The 24th outdoor mural in downtown Pontiac made its debut on June 18, just in time for the Hang Loose weekend. It was placed on the eastern exterior wall of Edinger’s Filling Station at 423 W. Madison St.
Unlike the first 18 murals, which were painted in the summer of 2009 by the Walldogs — a collection of sign painters and muralists — the newest edition to the outdoor art collection was designed by international artist Tang Dongbai.
The mural portrays a red 1926 Pontiac driving past a cafe on Route 66. The vehicle Dongbai used for reference is currently on display in the Pontiac-Oakland Museum and Resource Center. According to american-automobiles.com, “The Oakland Motor Car Company was formed in 1907 by Edward Murphy, founder of Pontiac Buggy Company. In 1909, the company became part of General Motors. By 1926, the company was in full production of the Pontiac and the higher-priced Oakland.” The Pontiac brand was created by General Motors President Alfred Sloan. It was intended to be priced between the $525 Chevrolet and the $900 Oldsmobile.”
Like the vehicle, work on Route 66 also began in 1926, after the Bureau of Public Roads launched the nation’s first federal highway system. Like the Mother Road, which was a cobbling of existing local, state and national road networks, the new mural ties Pontiac automobiles to Route 66 and the city of Pontiac to the international interest in Route 66.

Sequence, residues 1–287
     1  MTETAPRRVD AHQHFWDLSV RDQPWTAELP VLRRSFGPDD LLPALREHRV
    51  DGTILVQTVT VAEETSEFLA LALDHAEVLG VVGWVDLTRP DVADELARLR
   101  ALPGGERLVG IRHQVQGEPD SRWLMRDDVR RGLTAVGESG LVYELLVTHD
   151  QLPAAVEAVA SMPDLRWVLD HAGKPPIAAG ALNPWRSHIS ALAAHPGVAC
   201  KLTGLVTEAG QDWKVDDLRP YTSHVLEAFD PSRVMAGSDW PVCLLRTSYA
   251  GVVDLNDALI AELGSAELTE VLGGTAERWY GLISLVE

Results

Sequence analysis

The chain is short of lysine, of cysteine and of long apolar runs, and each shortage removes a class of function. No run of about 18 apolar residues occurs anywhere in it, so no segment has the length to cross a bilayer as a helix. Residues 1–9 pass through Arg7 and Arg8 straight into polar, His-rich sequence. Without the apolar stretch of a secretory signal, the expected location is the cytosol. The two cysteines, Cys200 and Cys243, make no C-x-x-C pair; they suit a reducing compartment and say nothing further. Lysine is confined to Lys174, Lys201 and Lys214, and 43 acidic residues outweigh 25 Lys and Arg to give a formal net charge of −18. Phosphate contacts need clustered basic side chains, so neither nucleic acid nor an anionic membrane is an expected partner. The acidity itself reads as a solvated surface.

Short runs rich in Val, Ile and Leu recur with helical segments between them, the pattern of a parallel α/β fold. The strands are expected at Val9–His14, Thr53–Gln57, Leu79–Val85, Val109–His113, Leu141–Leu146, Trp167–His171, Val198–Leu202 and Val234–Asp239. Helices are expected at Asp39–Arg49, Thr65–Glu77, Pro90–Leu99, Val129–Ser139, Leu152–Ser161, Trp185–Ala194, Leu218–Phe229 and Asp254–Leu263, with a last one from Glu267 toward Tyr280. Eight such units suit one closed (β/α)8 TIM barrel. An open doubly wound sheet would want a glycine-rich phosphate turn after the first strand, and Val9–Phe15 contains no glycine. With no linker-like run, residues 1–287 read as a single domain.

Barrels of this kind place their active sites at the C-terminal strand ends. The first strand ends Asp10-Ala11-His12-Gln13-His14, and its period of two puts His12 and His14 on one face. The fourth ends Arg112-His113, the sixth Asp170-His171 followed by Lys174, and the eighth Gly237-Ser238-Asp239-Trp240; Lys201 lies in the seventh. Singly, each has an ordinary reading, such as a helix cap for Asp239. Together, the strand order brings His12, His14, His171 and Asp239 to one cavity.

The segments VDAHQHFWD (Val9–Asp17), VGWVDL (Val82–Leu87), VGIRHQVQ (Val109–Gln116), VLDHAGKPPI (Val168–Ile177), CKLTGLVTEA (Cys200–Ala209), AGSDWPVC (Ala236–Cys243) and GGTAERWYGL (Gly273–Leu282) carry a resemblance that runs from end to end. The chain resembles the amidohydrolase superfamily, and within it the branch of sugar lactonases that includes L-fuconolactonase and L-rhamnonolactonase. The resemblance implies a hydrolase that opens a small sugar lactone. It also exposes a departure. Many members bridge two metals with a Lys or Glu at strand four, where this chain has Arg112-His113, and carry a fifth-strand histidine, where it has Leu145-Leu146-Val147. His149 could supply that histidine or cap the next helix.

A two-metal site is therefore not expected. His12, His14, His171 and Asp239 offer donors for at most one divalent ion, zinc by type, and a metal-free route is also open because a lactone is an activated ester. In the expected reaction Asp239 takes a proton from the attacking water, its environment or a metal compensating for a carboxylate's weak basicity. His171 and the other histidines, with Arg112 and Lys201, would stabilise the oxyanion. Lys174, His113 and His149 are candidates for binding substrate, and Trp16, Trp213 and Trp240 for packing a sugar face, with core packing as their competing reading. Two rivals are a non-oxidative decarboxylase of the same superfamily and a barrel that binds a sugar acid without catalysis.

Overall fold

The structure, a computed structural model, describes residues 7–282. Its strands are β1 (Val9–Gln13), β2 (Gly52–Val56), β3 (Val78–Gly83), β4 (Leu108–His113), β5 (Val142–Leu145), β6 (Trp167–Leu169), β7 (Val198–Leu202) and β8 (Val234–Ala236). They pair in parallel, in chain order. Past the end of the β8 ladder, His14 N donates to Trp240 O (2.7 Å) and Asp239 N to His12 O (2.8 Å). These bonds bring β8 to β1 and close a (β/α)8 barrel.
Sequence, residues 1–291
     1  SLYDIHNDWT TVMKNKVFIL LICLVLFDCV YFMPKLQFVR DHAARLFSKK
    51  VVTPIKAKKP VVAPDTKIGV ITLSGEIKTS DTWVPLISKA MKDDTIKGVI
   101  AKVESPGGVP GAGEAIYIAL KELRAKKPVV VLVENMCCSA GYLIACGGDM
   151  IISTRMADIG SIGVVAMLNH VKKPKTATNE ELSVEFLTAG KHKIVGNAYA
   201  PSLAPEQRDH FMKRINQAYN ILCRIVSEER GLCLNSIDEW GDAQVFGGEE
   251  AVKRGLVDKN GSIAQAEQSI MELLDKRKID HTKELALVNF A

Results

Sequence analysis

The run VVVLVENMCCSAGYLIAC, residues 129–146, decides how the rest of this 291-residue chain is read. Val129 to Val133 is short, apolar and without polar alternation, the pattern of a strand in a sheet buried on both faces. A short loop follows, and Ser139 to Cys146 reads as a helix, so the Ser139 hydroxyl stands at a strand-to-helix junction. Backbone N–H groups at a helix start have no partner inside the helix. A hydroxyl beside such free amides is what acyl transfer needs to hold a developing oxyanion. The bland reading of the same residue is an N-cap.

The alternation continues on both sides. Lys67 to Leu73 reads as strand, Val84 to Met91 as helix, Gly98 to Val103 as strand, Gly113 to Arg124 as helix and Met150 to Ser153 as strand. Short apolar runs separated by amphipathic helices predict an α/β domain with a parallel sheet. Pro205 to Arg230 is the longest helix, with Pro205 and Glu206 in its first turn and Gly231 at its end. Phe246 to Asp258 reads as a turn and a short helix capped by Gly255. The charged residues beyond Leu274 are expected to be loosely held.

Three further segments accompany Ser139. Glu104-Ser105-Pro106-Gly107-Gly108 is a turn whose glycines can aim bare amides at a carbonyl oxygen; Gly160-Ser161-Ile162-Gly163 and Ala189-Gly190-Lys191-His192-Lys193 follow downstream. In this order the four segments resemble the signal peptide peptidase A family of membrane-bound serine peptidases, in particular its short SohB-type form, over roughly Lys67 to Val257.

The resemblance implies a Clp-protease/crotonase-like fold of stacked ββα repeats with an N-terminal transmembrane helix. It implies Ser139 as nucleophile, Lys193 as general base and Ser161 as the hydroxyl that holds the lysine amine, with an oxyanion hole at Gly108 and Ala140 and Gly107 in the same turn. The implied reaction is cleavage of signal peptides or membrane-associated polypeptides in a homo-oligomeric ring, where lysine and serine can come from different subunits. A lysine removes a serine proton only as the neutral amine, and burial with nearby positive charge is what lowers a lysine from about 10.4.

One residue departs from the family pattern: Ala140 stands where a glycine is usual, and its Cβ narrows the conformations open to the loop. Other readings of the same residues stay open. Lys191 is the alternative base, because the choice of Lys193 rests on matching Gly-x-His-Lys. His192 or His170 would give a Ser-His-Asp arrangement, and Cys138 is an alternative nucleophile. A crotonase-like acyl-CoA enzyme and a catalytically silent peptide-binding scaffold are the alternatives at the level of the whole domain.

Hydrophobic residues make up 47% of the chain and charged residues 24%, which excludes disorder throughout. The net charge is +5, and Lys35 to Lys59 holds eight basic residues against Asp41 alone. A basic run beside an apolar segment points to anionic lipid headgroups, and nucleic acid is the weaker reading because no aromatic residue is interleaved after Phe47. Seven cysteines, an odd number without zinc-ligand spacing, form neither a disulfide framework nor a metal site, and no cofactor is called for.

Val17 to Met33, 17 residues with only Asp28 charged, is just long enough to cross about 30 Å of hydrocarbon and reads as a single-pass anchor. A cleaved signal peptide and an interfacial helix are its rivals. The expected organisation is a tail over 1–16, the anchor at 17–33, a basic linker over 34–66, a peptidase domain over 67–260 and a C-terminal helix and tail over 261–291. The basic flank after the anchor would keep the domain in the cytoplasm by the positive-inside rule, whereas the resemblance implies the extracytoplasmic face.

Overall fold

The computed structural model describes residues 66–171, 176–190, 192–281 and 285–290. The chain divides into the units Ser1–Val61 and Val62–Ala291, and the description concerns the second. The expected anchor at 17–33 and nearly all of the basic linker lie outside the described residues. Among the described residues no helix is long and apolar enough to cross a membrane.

“Since Route 66 and the Pontiac automobile are centerpieces of our tourism efforts, we thought it would be great to have a mural that would combine them,” City Administrator Bob Karls said. “With 1926 being the beginning of both of them, we thought that was a neat way to tie them together.”
Becky Edinger, co-owner of Edinger’s Filing Station, said when she and her husband, Jimm, purchased the building, they talked to the city about the mural process. Other than the initial conversation, Edinger said the city took care of everything, picking both the mural and the artist.
“When we were looking at purchasing the building last summer, we knew we would have a big space that we could use to add to the murals downtown,” Edinger said. “I think it adds some extra curb appeal to the building and brings tourists who are taking the mural tour a little bit further outside the square.”
In the upper-right-hand corner of the mural is a cafe. Although there is no signage, the cafe represents Jimmie’s Super Mart Grocery, which was owned and operated by Jimmie and Mary Hicks from 1946 until 1972. The business was one of the original buildings on Ladd Street, constructed in 1926, according to Dave Sullivan, an avid fan of Route 66 and a local historian.
“I just think it’s great that we can feature a mural on the side of our building that depicts part of Pontiac history,” Edinger said. “Customers like it, too. We posted pictures on our Facebook page and they have done well.”
Work on the mural was completed in Dongbai’s International Airbrush Art School nearby. For transport, the piece was split into four sections and covered with clear coat.
“Every five years or so we have to put a new clear coat on the murals, but it’s been pretty light maintenance,” Karls said.
Luke Smucker – Pontiac Daily Leader